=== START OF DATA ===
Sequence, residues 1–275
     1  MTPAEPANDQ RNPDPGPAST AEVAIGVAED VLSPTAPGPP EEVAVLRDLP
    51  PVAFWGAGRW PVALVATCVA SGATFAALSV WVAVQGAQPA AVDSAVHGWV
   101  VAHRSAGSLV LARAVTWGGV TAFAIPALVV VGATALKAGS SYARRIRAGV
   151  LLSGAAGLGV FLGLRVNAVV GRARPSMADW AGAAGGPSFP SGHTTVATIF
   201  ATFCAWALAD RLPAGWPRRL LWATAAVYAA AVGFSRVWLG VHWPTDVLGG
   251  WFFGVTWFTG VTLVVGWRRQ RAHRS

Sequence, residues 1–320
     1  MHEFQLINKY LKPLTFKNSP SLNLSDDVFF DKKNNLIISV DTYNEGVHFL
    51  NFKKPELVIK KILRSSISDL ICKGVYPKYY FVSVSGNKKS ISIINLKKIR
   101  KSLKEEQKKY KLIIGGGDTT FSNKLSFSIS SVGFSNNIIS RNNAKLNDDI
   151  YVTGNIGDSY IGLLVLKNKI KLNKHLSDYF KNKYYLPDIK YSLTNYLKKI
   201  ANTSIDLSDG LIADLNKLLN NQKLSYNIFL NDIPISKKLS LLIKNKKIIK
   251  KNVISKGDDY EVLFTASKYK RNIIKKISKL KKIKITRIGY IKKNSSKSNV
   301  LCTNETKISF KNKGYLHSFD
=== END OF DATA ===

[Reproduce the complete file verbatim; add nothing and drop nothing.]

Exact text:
Sequence, residues 1–275
     1  MTPAEPANDQ RNPDPGPAST AEVAIGVAED VLSPTAPGPP EEVAVLRDLP
    51  PVAFWGAGRW PVALVATCVA SGATFAALSV WVAVQGAQPA AVDSAVHGWV
   101  VAHRSAGSLV LARAVTWGGV TAFAIPALVV VGATALKAGS SYARRIRAGV
   151  LLSGAAGLGV FLGLRVNAVV GRARPSMADW AGAAGGPSFP SGHTTVATIF
   201  ATFCAWALAD RLPAGWPRRL LWATAAVYAA AVGFSRVWLG VHWPTDVLGG
   251  WFFGVTWFTG VTLVVGWRRQ RAHRS

Sequence, residues 1–320
     1  MHEFQLINKY LKPLTFKNSP SLNLSDDVFF DKKNNLIISV DTYNEGVHFL
    51  NFKKPELVIK KILRSSISDL ICKGVYPKYY FVSVSGNKKS ISIINLKKIR
   101  KSLKEEQKKY KLIIGGGDTT FSNKLSFSIS SVGFSNNIIS RNNAKLNDDI
   151  YVTGNIGDSY IGLLVLKNKI KLNKHLSDYF KNKYYLPDIK YSLTNYLKKI
   201  ANTSIDLSDG LIADLNKLLN NQKLSYNIFL NDIPISKKLS LLIKNKKIIK
   251  KNVISKGDDY EVLFTASKYK RNIIKKISKL KKIKITRIGY IKKNSSKSNV
   301  LCTNETKISF KNKGYLHSFD